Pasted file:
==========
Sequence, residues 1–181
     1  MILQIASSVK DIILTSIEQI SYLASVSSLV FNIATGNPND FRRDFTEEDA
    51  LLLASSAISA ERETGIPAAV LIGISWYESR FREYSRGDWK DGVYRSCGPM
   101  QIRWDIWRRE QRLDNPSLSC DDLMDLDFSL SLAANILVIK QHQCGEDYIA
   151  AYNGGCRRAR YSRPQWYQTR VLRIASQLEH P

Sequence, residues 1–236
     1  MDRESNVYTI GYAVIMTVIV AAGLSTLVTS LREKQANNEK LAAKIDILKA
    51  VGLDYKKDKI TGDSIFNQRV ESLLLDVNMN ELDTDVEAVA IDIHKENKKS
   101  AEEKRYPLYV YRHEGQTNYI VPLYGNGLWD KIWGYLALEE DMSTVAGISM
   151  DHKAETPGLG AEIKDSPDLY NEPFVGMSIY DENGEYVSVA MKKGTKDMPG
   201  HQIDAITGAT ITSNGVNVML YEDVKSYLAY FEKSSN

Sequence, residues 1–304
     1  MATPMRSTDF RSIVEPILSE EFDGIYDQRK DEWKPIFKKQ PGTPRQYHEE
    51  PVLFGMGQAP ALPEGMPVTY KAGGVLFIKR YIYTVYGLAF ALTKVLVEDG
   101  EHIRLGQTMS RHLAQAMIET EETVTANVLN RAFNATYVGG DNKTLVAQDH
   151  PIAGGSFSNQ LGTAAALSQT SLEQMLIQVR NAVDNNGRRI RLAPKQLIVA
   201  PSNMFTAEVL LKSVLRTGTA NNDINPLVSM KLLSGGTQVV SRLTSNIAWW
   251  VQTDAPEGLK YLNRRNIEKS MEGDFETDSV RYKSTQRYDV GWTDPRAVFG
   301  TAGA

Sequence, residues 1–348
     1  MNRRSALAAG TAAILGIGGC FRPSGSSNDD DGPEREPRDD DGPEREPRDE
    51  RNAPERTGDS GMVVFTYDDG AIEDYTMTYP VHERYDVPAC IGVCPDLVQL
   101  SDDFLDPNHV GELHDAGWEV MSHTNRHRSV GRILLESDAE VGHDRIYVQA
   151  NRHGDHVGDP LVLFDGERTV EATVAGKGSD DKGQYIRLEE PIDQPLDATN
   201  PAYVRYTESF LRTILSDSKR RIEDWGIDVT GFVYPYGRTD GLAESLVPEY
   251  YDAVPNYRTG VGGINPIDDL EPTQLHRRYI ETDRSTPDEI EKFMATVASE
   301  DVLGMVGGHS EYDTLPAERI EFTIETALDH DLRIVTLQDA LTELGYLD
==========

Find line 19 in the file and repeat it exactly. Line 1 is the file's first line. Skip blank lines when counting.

   301  TAGA